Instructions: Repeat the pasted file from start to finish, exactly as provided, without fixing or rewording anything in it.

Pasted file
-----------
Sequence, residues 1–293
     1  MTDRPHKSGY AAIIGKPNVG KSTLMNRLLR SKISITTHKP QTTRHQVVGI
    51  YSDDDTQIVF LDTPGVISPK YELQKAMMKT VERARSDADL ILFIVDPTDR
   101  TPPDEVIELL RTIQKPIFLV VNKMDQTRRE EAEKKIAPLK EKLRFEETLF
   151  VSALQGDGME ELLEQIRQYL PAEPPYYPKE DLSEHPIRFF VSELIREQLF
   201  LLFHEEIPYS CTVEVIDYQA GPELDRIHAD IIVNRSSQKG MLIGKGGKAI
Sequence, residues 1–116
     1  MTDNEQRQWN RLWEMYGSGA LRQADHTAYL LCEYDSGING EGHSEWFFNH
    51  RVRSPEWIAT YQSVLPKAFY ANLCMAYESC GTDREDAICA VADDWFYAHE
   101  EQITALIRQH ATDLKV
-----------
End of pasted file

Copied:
Sequence, residues 1–293
     1  MTDRPHKSGY AAIIGKPNVG KSTLMNRLLR SKISITTHKP QTTRHQVVGI
    51  YSDDDTQIVF LDTPGVISPK YELQKAMMKT VERARSDADL ILFIVDPTDR
   101  TPPDEVIELL RTIQKPIFLV VNKMDQTRRE EAEKKIAPLK EKLRFEETLF
   151  VSALQGDGME ELLEQIRQYL PAEPPYYPKE DLSEHPIRFF VSELIREQLF
   201  LLFHEEIPYS CTVEVIDYQA GPELDRIHAD IIVNRSSQKG MLIGKGGKAI
Sequence, residues 1–116
     1  MTDNEQRQWN RLWEMYGSGA LRQADHTAYL LCEYDSGING EGHSEWFFNH
    51  RVRSPEWIAT YQSVLPKAFY ANLCMAYESC GTDREDAICA VADDWFYAHE
   101  EQITALIRQH ATDLKV